Denmark to take Nazi case ‘very seriously’

The Local Denmark
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Denmark to take Nazi case ‘very seriously’
Efraim Zuroff addresses the media after filing a complain with Copenhagen Police on Tuesday. Photo: Mathias Løvgreen Bojesen/Scanpix

After a 90-year-old former member of Free Corps Denmark was formally turned in to police for crimes committed over 70 years ago, public prosecutors will initiate an investigation.


As expected, the well-known Nazi hunter Efraim Zuroff from the Simon Wiesenthal Center formally filed a police complaint against 90-year-old Helmuth Leif Rasmussen on Tuesday. 
Zuroff told Danish media over the weekend that he felt compelled to fly to Denmark and personally file a complaint “since the Danish Justice Ministry isn’t going to do anything”. 
The public prosecutor for serious economic and international crime (Statsadvokaten for Særlig Økonomisk og International Kriminalitet - SØIK) said that the complaint would be investigated. 
“This is a case that we take very seriously and we will study the report very closely,” prosecutor Morten Niels Jakobsen told news agency Ritzau.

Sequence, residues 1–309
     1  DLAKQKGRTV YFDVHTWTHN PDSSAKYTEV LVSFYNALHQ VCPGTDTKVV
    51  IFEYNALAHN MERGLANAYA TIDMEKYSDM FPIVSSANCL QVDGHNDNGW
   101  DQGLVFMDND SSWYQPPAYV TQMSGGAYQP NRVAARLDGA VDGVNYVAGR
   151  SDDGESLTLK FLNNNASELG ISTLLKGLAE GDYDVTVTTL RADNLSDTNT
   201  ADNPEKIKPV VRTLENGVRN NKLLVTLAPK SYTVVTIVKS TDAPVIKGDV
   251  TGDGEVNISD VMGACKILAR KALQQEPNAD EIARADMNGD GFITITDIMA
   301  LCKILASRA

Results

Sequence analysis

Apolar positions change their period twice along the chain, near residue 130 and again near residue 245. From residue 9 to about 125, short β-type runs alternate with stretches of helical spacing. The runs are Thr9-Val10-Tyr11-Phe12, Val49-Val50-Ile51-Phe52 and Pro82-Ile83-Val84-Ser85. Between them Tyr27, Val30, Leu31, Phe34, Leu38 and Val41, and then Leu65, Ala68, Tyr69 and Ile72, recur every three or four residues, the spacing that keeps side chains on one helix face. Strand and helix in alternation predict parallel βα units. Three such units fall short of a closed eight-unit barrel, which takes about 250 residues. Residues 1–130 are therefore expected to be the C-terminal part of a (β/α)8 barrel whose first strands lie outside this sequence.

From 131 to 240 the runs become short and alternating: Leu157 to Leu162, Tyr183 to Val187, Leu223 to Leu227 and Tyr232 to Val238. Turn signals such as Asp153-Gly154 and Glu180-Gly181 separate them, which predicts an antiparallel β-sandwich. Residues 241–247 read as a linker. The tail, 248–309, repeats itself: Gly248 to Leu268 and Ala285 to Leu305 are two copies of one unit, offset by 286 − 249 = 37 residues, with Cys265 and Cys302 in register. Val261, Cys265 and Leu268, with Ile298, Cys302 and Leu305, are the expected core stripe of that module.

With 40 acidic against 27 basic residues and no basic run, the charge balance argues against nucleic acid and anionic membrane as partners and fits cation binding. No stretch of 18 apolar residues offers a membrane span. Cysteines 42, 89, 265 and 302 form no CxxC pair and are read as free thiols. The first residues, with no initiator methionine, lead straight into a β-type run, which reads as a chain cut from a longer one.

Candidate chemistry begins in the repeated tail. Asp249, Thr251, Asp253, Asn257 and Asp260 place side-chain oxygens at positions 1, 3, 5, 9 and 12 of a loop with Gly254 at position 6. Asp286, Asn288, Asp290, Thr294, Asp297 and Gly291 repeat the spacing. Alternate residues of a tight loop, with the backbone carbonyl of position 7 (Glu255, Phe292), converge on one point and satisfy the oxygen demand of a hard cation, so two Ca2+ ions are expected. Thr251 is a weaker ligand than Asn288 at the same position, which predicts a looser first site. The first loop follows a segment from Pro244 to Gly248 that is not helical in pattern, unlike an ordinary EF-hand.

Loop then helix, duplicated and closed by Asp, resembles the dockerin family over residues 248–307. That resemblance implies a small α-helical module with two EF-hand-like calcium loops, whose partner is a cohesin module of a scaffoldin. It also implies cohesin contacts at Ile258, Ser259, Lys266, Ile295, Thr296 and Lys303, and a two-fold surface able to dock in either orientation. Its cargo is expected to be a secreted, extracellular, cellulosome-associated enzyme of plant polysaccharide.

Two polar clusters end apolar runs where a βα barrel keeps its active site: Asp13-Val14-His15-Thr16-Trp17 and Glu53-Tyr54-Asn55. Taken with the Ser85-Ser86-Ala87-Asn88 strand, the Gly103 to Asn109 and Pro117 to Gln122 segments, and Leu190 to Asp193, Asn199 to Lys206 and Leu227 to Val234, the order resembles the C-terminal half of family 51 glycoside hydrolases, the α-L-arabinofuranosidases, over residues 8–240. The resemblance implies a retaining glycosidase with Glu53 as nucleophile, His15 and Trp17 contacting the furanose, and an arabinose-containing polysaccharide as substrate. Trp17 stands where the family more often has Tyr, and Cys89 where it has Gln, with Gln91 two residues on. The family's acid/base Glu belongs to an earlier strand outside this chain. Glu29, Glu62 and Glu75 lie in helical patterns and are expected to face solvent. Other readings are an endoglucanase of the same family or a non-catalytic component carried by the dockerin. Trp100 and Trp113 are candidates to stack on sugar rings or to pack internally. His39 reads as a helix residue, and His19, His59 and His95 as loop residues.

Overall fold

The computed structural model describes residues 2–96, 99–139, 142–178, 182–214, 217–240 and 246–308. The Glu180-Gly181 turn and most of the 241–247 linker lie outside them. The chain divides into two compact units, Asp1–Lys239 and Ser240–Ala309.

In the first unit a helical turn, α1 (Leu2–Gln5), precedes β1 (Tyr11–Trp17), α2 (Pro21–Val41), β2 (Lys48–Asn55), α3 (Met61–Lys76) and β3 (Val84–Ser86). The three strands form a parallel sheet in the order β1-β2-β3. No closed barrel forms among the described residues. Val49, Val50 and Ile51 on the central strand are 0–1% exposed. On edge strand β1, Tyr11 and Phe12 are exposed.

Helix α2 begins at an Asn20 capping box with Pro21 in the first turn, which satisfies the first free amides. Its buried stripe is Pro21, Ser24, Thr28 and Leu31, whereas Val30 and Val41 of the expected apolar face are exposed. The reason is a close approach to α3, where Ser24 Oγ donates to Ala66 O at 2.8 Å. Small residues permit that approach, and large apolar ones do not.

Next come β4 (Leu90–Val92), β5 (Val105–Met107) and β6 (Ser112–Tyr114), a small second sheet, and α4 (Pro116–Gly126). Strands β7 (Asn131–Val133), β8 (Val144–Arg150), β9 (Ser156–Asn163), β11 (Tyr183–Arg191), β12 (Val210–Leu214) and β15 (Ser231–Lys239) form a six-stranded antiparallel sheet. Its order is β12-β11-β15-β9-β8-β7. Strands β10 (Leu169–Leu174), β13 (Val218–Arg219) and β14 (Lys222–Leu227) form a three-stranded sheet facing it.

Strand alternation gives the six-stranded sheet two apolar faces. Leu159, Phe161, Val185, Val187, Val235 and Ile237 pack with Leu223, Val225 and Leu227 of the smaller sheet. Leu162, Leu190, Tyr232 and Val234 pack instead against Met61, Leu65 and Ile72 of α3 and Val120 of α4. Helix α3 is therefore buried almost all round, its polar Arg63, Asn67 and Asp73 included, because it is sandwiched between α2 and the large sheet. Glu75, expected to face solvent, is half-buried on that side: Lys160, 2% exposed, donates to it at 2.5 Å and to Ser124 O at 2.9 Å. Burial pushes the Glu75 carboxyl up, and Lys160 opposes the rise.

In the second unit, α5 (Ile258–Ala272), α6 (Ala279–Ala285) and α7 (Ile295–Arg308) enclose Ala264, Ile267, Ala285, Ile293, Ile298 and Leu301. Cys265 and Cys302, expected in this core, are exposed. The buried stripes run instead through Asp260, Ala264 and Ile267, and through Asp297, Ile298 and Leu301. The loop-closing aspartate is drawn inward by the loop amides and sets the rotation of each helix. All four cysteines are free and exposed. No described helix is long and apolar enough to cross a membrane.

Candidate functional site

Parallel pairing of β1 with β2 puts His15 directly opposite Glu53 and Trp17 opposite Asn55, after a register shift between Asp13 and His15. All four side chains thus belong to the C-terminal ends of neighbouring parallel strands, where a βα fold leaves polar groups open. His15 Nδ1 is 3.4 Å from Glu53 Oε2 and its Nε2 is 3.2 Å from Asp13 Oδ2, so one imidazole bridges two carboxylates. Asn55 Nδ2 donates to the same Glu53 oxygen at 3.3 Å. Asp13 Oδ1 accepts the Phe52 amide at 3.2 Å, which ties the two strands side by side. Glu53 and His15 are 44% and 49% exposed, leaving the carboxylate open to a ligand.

Zuroff came to Denmark to file a complaint against Rasmussen, a former member of the 800-man corps of Danish Nazis known as Free Corps Denmark (Frikorps Danmark), after a book released in October shed new light on the Free Corps’ actions in a prison camp in Belarus during World War II. According the the historians behind the book, Danish Nazis actively participated in the murder of 1,400 Jews at the camp.
Rasmussen has previously spoken about his time as a member of Free Corps Denmark but denied having been a guard at the Belarus prison camp. However, in 1945, the then 20-year-old Rasmussen was questioned by police and admitted to having seen Jews executed while in the camp.
He told Berlingske on Saturday that he was “so old now” and had no reason to lie. 
Zuroff told reporters on Tuesday that Rasmussen’s advanced age doesn’t matter. 
“These are the last people on earth who deserve any sympathy because they had absolutely no sympathy for their victims,” he said. 
“There is certainly enough evidence to warrant an investigation and I don’t see any reason why that investigation shouldn’t be started here by the Danish authorities. Unfortunately the Justice Ministry chose not to deal with this, so therefore I have come to Copenhagen to submit the complaint myself,” Zuroff added. 
Zuroff, who serves as the director of the Simon Wiesenthal Center’s Jerusalem office, said “it will be a victory” if Rasmussen is convicted.
Prosecutor Jakobsen said that SØIK would first determine if any additional information is needed and then would evaluate the merits of a criminal prosecution. He added that Rasmussen was given a prison sentence shortly after the war and that may impact the current case. 
“We need to investigate what he was punished for. Clearly one cannot be penalized twice for the same thing,” Jakobsen told Ritzau. 


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